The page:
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-   -   Rose Quarter Redevelopment (https://skyscraperpage.com/forum/showthread.php?t=152548)

58rhodes Mar 28, 2017 1:56 AM

I say turn it in to a public market!!!-- with hotel rooms--best views in the city

2oh1 Mar 28, 2017 2:48 AM

Quote:

Originally Posted by Derek (Post 7753293)
I feel like the MC needs to be saved only because it'll be a nice spot for a new arena when the Moda needs to be replaced. ;)

This is precisely what I think the Blazers are doing. I think they're jerking us along with talk of saving it and repurposing it, none of which will ever happen. I mean, really now, it's been 25 years, what's another decade or two? The day the Blazers want a new arena, the MC will be leveled. Until then, it's a money pit. And when the Blazers do level it to build a new arena, there will be excuse after excuse about why the Rose Garden will need to be saved and repurposed... lather, rinse, repeat.

BlazerBeav Mar 28, 2017 4:09 AM

As bad of shape that the arena itself is in, it's auxiliary facilities like the basement conference spaces are even worse. They literally haven't been updated since the early 80s at best. If someone could find the money to update it as a top-notch hockey facility, great - but we all know the Portland City Council is never going to do that. Money on sports? Ha!

MarkDaMan Mar 28, 2017 6:56 PM

Quote:

Originally Posted by 2oh1 (Post 7754032)
This is precisely what I think the Blazers are doing. I think they're jerking us along with talk of saving it and repurposing it, none of which will ever happen. I mean, really now, it's been 25 years, what's another decade or two? The day the Blazers want a new arena, the MC will be leveled. Until then, it's a money pit. And when the Blazers do level it to build a new arena, there will be excuse after excuse about why the Rose Garden will need to be saved and repurposed... lather, rinse, repeat.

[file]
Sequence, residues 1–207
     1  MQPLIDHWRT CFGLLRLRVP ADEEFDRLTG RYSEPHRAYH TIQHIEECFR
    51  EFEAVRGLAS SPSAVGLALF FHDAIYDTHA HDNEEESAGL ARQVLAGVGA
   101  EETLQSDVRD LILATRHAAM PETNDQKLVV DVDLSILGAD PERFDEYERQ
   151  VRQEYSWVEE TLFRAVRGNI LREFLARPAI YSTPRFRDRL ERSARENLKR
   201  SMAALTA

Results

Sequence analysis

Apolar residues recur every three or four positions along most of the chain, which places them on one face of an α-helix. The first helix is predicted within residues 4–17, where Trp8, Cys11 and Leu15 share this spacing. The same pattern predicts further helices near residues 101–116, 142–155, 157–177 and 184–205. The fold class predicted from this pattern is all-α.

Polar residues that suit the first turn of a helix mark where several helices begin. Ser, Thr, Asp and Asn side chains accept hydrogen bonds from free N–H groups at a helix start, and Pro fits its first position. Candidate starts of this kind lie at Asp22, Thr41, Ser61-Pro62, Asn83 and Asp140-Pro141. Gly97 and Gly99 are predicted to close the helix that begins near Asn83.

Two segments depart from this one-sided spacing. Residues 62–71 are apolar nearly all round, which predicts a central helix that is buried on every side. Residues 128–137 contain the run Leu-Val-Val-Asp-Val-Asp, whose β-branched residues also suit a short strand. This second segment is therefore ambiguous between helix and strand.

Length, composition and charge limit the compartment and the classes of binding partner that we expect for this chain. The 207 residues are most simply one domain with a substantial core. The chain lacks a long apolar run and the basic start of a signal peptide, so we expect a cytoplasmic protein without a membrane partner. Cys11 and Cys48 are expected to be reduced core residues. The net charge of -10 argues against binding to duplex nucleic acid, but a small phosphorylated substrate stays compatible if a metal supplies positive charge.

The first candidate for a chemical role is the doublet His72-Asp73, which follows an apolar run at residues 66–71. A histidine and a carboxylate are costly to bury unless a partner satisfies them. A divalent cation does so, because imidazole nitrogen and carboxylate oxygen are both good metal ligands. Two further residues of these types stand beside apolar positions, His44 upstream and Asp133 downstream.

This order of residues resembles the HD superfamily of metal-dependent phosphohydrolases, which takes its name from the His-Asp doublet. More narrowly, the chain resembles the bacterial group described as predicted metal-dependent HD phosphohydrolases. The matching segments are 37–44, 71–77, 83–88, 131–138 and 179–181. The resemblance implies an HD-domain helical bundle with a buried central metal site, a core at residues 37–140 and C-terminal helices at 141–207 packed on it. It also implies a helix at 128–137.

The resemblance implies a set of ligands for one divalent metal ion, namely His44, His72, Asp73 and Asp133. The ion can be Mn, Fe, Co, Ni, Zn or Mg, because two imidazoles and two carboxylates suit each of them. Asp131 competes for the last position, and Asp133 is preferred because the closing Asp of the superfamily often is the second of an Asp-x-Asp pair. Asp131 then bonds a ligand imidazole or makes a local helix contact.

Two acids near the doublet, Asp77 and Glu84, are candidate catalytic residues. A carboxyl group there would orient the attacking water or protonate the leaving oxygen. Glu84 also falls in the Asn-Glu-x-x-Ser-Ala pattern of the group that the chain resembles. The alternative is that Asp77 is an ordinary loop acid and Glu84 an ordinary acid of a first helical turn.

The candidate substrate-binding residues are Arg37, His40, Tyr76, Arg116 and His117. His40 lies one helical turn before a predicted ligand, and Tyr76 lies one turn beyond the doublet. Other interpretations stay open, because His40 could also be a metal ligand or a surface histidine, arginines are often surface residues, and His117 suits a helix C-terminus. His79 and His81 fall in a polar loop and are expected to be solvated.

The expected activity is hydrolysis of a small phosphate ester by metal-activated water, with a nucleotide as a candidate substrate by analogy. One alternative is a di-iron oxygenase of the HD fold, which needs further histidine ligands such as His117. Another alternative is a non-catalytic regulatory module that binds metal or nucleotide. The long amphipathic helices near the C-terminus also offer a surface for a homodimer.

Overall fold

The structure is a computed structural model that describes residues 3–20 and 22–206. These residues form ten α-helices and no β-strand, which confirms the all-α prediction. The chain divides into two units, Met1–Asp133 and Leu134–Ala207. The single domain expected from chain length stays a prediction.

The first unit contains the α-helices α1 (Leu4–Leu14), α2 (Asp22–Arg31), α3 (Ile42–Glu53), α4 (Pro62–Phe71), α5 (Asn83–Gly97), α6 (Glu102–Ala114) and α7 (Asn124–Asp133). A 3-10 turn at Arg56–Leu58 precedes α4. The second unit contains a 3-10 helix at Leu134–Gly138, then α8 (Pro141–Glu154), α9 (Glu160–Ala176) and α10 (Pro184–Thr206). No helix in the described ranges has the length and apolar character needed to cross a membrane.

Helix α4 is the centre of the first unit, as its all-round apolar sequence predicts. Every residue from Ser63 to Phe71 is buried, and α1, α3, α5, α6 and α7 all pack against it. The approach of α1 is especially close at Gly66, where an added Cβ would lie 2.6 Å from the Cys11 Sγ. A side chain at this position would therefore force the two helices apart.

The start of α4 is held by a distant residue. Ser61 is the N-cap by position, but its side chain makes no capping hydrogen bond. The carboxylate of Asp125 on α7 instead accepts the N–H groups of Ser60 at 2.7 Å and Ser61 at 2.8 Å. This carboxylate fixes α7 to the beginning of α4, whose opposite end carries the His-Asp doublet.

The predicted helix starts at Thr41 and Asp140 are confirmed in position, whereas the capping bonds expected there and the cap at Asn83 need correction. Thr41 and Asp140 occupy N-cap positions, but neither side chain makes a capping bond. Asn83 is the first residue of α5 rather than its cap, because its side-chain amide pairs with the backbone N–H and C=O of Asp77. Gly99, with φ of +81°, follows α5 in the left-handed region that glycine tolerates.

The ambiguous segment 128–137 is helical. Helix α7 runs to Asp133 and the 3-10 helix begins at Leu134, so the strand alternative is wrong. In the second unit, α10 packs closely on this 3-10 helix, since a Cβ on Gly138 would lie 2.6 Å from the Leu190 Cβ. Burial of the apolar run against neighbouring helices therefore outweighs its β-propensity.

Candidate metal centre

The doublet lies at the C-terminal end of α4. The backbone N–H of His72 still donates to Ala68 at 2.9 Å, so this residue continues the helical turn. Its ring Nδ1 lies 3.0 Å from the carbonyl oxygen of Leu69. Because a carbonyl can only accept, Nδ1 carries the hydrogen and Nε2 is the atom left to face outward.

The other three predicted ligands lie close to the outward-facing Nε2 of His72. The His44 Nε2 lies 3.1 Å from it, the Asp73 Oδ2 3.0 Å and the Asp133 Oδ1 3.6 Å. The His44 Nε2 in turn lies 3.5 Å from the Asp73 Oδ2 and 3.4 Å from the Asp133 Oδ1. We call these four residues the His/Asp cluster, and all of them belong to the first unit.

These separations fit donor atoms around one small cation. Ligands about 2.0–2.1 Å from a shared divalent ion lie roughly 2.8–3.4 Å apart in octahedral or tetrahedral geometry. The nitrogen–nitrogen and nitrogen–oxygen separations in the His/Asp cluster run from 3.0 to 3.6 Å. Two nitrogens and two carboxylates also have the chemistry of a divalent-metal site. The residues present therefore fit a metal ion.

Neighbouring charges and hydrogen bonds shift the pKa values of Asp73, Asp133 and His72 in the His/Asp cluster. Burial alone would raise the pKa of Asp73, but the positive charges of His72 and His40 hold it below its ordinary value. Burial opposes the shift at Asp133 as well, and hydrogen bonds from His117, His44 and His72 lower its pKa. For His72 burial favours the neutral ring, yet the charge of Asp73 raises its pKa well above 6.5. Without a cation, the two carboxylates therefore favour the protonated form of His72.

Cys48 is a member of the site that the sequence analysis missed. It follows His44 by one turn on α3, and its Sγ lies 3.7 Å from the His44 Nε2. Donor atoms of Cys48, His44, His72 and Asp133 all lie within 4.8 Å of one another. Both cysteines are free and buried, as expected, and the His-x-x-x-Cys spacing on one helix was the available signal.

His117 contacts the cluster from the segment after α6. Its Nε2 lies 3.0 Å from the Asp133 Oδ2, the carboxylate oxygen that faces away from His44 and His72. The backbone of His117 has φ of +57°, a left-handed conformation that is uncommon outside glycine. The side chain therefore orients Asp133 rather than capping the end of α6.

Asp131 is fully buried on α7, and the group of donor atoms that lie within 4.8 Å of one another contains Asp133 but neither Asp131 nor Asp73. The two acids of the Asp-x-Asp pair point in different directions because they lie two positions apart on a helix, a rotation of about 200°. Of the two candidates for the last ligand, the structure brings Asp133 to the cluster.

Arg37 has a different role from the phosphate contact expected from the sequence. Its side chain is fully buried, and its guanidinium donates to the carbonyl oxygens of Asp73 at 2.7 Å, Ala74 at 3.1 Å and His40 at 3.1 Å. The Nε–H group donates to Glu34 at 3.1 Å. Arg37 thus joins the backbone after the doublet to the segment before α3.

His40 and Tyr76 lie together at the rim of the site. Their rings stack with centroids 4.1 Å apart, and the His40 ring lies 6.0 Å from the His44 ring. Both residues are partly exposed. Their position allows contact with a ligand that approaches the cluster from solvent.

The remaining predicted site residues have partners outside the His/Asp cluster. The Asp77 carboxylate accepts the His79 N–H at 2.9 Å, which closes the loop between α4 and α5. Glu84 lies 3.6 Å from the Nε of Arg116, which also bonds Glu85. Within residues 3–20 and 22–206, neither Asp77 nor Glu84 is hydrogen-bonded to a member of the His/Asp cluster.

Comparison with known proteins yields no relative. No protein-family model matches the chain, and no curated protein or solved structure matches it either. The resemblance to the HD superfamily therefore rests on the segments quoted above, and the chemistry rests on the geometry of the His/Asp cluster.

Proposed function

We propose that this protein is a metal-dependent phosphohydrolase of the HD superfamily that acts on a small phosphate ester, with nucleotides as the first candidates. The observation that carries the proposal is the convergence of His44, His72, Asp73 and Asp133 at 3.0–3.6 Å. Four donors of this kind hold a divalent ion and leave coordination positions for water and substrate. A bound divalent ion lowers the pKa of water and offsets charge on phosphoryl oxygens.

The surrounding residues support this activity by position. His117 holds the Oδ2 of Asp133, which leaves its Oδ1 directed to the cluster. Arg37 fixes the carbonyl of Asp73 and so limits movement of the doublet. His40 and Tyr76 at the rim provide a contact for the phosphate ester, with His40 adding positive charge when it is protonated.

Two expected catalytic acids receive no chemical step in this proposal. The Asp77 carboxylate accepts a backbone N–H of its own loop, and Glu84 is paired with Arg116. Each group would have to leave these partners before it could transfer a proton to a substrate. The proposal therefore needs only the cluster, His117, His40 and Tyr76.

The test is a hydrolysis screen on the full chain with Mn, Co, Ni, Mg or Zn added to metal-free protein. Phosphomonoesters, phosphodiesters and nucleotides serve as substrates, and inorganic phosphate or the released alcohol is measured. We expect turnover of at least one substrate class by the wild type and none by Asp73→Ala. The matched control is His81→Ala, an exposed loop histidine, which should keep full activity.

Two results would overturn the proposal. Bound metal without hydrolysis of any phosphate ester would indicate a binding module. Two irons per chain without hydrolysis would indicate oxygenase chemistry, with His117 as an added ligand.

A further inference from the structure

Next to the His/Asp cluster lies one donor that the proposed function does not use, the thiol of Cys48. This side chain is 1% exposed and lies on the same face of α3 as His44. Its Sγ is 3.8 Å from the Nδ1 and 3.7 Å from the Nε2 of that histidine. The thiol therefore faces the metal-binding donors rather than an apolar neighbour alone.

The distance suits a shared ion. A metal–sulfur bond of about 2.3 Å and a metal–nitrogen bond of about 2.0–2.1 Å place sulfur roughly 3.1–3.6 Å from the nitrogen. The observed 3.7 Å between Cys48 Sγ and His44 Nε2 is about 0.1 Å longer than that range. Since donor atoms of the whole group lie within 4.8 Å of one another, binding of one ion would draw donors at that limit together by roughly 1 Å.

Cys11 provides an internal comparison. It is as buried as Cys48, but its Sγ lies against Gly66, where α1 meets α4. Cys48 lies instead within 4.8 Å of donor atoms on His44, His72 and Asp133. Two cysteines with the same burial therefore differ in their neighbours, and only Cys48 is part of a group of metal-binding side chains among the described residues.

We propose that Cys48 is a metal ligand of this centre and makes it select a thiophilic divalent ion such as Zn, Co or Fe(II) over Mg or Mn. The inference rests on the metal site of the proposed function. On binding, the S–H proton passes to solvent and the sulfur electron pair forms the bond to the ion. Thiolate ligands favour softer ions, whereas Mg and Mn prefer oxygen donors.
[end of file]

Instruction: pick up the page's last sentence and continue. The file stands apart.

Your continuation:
I'm pretty sure the Blazers aren't going to want (or need) a new arena anytime in the next 20 years. The arena is already too big as it originally had 21,400 seats and now there's about 2,000 less seats now per NBA game. They've also done millions of dollars in upkeep and renovations over the last five years, and can do much more before they need a new structure.

urbanlife Mar 29, 2017 6:06 AM

Quote:

Originally Posted by innovativethinking (Post 7752720)
Why? That place is a dump

It is in good shape, it is a piece of mid-century modern design, also it is still very useful in the sense that it provides Portland with a midsized arena.

innovativethinking Mar 29, 2017 2:55 PM

Quote:

Originally Posted by urbanlife (Post 7755456)
It is in good shape, it is a piece of mid-century modern design, also it is still very useful in the sense that it provides Portland with a midsized arena.

You don't need a midsize arena when you have the Rose garden next door

petcarpdx Mar 29, 2017 5:13 PM

Quote:

Originally Posted by innovativethinking (Post 7755668)
You don't need a midsize arena when you have the Rose garden next door

The Rose Garden and Memorial Coliseum are different sizes and serve different events. One existing doesn't negate the usefulness of the other. If you want to make a similar argument, a better approach would be to say there aren't enough events of the size served by VMC to justify its existence. I don't buy into that notion based on what I have read, and I'm absolutely rooting for its survival.

babs Mar 29, 2017 6:02 PM

Quote:

Originally Posted by MarkDaMan (Post 7754685)
I'm pretty sure the Blazers aren't going to want (or need) a new arena anytime in the next 20 years. The arena is already too big as it originally had 21,400 seats and now there's about 2,000 less seats now per NBA game. They've also done millions of dollars in upkeep and renovations over the last five years, and can do much more before they need a new structure.

I'm not so sure about that. Detroit is building a new arena and leaving the Palace of Auburn Hills. Phoenix is planning to build a new arena. The Warriors are also getting a new on in SF. Dallas has talked about a new arena too.